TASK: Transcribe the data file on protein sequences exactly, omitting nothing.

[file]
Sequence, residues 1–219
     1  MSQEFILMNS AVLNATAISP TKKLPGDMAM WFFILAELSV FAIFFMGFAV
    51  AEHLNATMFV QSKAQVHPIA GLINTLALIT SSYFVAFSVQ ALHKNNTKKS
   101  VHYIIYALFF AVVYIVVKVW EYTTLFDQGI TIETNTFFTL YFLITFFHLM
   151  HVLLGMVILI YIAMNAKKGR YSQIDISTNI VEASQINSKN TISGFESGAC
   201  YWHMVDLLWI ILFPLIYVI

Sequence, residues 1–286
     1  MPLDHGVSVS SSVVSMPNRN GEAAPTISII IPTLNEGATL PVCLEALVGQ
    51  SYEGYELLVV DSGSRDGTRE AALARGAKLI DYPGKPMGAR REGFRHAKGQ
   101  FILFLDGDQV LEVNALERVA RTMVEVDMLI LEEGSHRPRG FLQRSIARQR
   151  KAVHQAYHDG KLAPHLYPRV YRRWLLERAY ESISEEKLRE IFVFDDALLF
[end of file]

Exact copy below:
Sequence, residues 1–219
     1  MSQEFILMNS AVLNATAISP TKKLPGDMAM WFFILAELSV FAIFFMGFAV
    51  AEHLNATMFV QSKAQVHPIA GLINTLALIT SSYFVAFSVQ ALHKNNTKKS
   101  VHYIIYALFF AVVYIVVKVW EYTTLFDQGI TIETNTFFTL YFLITFFHLM
   151  HVLLGMVILI YIAMNAKKGR YSQIDISTNI VEASQINSKN TISGFESGAC
   201  YWHMVDLLWI ILFPLIYVI

Sequence, residues 1–286
     1  MPLDHGVSVS SSVVSMPNRN GEAAPTISII IPTLNEGATL PVCLEALVGQ
    51  SYEGYELLVV DSGSRDGTRE AALARGAKLI DYPGKPMGAR REGFRHAKGQ
   101  FILFLDGDQV LEVNALERVA RTMVEVDMLI LEEGSHRPRG FLQRSIARQR
   151  KAVHQAYHDG KLAPHLYPRV YRRWLLERAY ESISEEKLRE IFVFDDALLF